Simple Temperature Controller – Sous vide

So a couple weeks ago I started experimenting with sous vide cooking – simply using ziplock bags and the store by turning it on/off. Wanting to do more and manage it less, I’ve decided build myself a temperature controller that’ll turn on/off a cooking element.

A sous vide controller is essentially just a temperature controller that turns on/off a heating element when the temperature is below a certain threshold and turns off once it reaches that temperature. What I’m going to do is take the STC-1000, which is a pre-assembled temperature controller from Amazon (priced similarly on eBay but faster shipping on Amazon), and then run it to a power outlet.

Parts list:
STC-1000 ($28 or another temperature controller)
Extension cord (rated 1000W or higher – that’s 8.5A or more – at most $8.50 for a 10-foot or 15-foot cord)
Twist wire connector (Marrette) (minimum 3 yellows) ($3 for 20 or Amazon has them for $7 for 75)
Electrical tape (optional but recommended)
Case (optional but recommended)

That’s it, spending about $40 plus tax for a pre-made controller, that will be easy to implement in our design.

For my controller I opted to use the cardboard box the STC-1000 came in as a temporary thing – As I forgot to look for a case when  I was at home depot – but shouldn’t be a problem so long as it doesn’t spark while in use.

I know it’s obvious but here’s the blurb from the cord:

DANGER: Electrical cords can be hazardous.
Misuse can result in FIRE or DEATH by ELECTRICAL SHOCK.

The label will also say not to modify the cord… but oh well. Anyways, here’s a poorly designed schematic created in MS Paint.

Modified for school project
Modified for school project – Temperature Controller Schematic

You also want to cut out the shape of the controller on the case (in my case the cardboard box it come in) and slide the controller into the box then wire everything together as shown in the schematic. If you don’t have any electrical tape try to expose the least amount of copper wiring while still getting a good connection. I also used some extra cable from the original extension cord by cutting the cord into thirds. The middle third was extra wire used to connect to the temperature controller. Don’t forget to connect the temperature probe.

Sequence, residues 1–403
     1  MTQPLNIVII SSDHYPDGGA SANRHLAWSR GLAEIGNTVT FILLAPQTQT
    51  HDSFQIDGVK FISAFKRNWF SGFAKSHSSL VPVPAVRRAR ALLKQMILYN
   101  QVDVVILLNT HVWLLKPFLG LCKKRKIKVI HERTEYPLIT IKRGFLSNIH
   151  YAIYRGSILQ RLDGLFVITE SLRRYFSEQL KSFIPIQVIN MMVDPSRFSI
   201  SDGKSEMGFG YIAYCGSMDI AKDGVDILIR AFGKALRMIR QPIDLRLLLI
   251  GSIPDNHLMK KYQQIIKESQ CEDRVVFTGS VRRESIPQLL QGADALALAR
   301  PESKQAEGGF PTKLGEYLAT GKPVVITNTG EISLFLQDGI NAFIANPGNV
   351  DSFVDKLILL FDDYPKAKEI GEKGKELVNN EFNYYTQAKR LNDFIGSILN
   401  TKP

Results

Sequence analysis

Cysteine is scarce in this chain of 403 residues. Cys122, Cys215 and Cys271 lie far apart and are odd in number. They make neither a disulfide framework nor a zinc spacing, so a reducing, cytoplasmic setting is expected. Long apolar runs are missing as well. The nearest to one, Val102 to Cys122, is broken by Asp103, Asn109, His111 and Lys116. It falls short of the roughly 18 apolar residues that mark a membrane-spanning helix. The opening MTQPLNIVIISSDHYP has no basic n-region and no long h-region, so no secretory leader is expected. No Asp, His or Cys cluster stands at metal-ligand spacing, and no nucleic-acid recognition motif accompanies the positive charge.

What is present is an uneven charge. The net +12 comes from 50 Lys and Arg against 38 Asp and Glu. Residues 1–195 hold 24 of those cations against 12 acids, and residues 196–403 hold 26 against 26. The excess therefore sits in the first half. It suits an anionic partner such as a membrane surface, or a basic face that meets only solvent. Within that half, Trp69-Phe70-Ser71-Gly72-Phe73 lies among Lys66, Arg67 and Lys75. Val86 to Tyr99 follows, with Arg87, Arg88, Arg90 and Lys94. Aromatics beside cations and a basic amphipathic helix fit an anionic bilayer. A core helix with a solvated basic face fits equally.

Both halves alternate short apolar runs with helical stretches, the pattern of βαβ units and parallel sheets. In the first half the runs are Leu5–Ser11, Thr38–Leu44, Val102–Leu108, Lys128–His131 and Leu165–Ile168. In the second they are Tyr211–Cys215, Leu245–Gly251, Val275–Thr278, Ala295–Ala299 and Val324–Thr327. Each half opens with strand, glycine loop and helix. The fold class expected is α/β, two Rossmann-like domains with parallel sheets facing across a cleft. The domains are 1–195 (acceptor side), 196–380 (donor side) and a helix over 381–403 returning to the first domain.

Look forward to another post about a controller that costs under $15 or an immersion circulator in the future.

ESXi Server

This is just a mini work-log of how I got my ESXi server running for use at my home.

Hardware specs:
Motherboard: Jetway NF9G-QM77
CPU: Intel i5-3320M SR0MX 120
RAM: 2 x Corsair Vengeance CMSX8GX3M1A1600C10 8GB
HDD: Plextor PX-128M5M 128GB mSata
PSU: Seasonic 350W 1U PSU (doesn’t fit the case, but good enough)
Case: U-NAS 8-bay with USB 3.0 front module

Extra specs:
Realtek 4-port GigE daughter board
LSI 9650SE-12ML RAID Card (3ware 9650SE)
4x Seagate 3TB Drives
1x WD 3TB Green Drive

ESXi 5.5
Windows Server 2012 R2 Standard (NAS and DLNA server)
Pfsense (To be installed)

Initial incompatibilities:
Out-of-box I believe ESXi detected the Intel GigE NICs but only mounted one of them. It also didn’t detect the Realtek daughter-board nor the RAID card.

An aside: ESXi 5.1u1 seemed to get some of the functionality working for the Realtek nics.

Overall problems:
– Realtek ports not detected
– LSI Raid card not detected
– LSI Raid detected but no drives found
– 3TB showed as 750GB

Found out that the Realtek daughter-board needed the Realtek 8168 driver package from ESXi 5.1/5.0, the LSI 9650SE also is an async driver which means I have to load it into the ISO or afterwards as well.  After creating a new ISO including the new Realtek drivers and the LSI raid driver, I managed to get the NICs working but the RAID card wasn’t detected still… Actually, the RAID card was shipped and I figured maybe the battery was dead or something wasn’t letting it detect properly. After 24 hours of letting it sit in the desktop with the power cord connected (still off) it was detected but didn’t load anything properly (no drives). After some tinkering I managed to get the RAID drivers loaded, had to load a newer aacraid driver in addition to the LSI drivers.

Later I found out, that the drives weren’t being detected properly as they showed as 746GB drives. I thought it was weird so I put in a WD 3TB drive that was known for sure to be compatible (although I found someone using the Seagates), but it was the same.  I realized I had misread the firmware number and I had one just before the 2TB+ compatibility, so I had to update the firmware to FE9X to work. All detected A-OK.


Beginning to end in a summed up form would be….

Driver list:

Installing ESXi 5.5 with drivers
1) Download the drivers to load (Realtek 8168, LSI 9650SE async, aacraid)
2) One-by-one load them into the ISO using ESXi Customizer (I believe I loaded the vib files but I’ve included the offline zips as well)
3) Create a USB using rufus
4) Install to the server
5) Configure network access to connected NIC
6) Log into ESXi server on remote machine
7) Setup and install a guest OS

Configure RAID card
1) Ensure firmware (FE9X is what I used) or higher is installed on the RAID card
2) Create your array, or configure single drives to use windows to create an array
* Note: there are two ways to configure the array, one is through the RAID cards bootloader but you need to be in BIOS mode  the other way is through the 3DM2 interface.

Configure windows
1) Install RAID Drivers, ensure the latest 3DM2 is installed to work with Windows 2012 R2
2) Setup RAID using Disk Manager (for Software RAID) or 3DM2 (for Hardware RAID)
3) Configure file server (initialize the disk)